Over the past 15 years, an increasing number of stars and refined data products have been released. The final RAVE data release not only provides for the first time the spectra of all stars in the RAVE sample; the stars were also matched with stars from the DR2 catalogue of the satellite mission Gaia. Thanks to the exquisite distances and proper motions measured by Gaia, considerably improved stellar temperatures, surface gravities and the chemical composition of the stellar atmospheres could be derived.

“The RAVE data releases have provided new insights into the motion of stars and chemical structure of our Milky Way,” says Matthias Steinmetz, leader of the RAVE collaboration and scientific chairman of the Leibniz Institute for Astrophysics Potsdam (AIP). “The final data release concludes one of the first systematic spectroscopic Galactic Archaeology surveys. It’s really exciting to think about finishing this 15-year project. Thanks to RAVE, we have gained new insights into the structure and composition of our Milky Way. “ ­­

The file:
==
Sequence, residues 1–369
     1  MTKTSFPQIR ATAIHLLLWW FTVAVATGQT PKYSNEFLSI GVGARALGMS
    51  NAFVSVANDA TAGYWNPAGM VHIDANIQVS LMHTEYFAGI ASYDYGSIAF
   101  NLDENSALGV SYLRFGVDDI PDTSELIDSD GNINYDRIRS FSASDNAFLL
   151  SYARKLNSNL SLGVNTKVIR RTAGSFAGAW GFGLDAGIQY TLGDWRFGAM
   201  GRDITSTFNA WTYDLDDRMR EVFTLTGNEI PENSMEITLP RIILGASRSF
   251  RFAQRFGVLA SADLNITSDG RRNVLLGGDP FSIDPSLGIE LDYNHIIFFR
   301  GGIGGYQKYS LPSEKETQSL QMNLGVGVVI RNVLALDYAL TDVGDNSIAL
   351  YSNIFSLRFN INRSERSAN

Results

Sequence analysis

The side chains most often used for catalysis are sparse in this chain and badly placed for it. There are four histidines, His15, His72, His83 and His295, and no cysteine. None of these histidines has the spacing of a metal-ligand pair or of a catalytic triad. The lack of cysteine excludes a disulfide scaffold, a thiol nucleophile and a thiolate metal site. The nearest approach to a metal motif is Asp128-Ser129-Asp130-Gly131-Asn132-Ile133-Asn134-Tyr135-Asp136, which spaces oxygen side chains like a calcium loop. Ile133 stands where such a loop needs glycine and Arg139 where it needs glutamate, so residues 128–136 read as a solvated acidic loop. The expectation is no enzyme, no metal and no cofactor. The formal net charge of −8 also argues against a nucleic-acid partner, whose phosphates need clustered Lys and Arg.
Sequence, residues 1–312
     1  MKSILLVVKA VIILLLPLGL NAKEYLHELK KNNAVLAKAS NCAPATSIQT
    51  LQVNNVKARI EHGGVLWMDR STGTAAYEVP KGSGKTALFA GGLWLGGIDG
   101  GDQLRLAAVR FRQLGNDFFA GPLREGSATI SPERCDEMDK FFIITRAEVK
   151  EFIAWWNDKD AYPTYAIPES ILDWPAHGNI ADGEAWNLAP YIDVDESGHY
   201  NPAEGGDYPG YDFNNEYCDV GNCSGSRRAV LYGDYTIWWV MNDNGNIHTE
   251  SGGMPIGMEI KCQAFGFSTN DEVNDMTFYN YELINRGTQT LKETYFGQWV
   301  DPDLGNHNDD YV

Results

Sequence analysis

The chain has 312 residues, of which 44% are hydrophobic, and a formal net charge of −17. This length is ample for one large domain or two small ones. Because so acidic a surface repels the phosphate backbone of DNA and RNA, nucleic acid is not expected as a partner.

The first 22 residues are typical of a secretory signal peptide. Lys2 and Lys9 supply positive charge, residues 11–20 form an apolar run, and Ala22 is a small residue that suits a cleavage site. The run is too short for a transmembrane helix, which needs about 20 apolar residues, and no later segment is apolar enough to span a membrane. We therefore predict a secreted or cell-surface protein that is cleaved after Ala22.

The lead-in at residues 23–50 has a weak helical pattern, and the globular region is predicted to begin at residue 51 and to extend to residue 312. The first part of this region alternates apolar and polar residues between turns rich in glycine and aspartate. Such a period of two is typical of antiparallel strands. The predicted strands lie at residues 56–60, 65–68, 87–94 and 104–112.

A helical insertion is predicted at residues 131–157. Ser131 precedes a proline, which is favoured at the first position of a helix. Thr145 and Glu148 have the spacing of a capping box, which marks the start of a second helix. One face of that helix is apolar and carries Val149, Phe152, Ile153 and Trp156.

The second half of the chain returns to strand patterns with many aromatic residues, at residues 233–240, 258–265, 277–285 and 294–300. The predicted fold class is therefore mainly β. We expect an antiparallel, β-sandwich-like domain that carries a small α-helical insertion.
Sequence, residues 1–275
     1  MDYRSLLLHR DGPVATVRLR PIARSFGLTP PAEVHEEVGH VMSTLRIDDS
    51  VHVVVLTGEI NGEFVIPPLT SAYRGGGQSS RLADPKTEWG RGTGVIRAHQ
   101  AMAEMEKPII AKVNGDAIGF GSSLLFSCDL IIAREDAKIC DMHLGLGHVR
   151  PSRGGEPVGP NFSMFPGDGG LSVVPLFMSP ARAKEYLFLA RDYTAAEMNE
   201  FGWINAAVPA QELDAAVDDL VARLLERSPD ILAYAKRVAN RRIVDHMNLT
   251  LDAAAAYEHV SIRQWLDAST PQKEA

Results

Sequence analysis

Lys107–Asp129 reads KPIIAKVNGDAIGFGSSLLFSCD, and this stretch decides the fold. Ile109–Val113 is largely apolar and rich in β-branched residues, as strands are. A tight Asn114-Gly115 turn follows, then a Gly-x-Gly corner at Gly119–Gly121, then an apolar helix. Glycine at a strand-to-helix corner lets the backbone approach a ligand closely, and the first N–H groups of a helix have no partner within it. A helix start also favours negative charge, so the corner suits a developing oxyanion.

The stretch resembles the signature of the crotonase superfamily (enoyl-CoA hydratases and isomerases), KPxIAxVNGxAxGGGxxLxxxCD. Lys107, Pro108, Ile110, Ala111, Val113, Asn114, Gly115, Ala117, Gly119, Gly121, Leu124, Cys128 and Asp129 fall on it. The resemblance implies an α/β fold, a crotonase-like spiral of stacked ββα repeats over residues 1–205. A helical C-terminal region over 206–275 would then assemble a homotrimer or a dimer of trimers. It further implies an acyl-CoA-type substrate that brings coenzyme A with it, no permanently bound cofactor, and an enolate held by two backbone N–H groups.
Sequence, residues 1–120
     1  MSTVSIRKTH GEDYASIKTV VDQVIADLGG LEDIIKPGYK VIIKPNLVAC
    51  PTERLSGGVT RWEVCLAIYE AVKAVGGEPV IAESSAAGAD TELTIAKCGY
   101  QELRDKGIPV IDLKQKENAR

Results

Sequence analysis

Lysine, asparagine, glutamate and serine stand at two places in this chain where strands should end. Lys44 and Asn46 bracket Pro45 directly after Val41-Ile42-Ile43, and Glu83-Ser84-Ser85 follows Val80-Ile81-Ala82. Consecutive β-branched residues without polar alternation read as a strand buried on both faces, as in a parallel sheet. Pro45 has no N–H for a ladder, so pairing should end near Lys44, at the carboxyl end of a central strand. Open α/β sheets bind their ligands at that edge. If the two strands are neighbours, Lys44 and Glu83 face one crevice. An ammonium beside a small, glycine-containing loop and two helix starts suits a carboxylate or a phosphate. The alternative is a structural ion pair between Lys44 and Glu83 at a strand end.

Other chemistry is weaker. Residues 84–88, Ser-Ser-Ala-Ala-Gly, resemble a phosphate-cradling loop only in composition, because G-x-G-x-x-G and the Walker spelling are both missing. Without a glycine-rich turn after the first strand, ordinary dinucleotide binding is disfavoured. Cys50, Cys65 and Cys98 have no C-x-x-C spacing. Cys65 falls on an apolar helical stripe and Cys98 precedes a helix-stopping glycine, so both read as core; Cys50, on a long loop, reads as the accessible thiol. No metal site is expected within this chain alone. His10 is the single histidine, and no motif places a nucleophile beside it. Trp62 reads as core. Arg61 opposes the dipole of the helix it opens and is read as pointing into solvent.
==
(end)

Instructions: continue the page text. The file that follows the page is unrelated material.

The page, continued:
Some of the key results of RAVE include the determination of the minimum speed needed for a star to escape the gravitational pull of the Milky Way. The results confirmed that dark matter, an invisible component of the Universe of yet unknown nature, dominates the mass of our Galaxy. With RAVE it could be shown that the Milky Way disk is asymmetric and wobbles owing to the interaction with spiral arms and the infall of satellite galaxies. RAVE also allowed for the identification of stellar streams in the solar environment. These streams of stars are the residues of torn apart old dwarf galaxies that have merged into our Milky Way in the past. The chemical element abundances of the observed stars hold important clues to the chemical composition and the subsequent metal enrichment of the interstellar medium traced by stars of different ages and metallicities. With RAVE, astronomers efficiently searched for the very first stars, which are very metal-poor and give clues about the earliest epochs of star formation and the chemical evolution in the Milky Way.

The RAVE collaboration consists of researchers from over 20 institutions around the world and is coordinated by the AIP. More than 100 refereed scientific articles based on RAVE data were published since the first data release.